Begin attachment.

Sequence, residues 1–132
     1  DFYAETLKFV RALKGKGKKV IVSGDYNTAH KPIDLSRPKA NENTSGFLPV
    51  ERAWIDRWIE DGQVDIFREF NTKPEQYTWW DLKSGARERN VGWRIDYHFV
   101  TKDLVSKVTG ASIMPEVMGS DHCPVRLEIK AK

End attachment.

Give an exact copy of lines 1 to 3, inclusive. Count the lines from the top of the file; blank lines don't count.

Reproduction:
Sequence, residues 1–132
     1  DFYAETLKFV RALKGKGKKV IVSGDYNTAH KPIDLSRPKA NENTSGFLPV
    51  ERAWIDRWIE DGQVDIFREF NTKPEQYTWW DLKSGARERN VGWRIDYHFV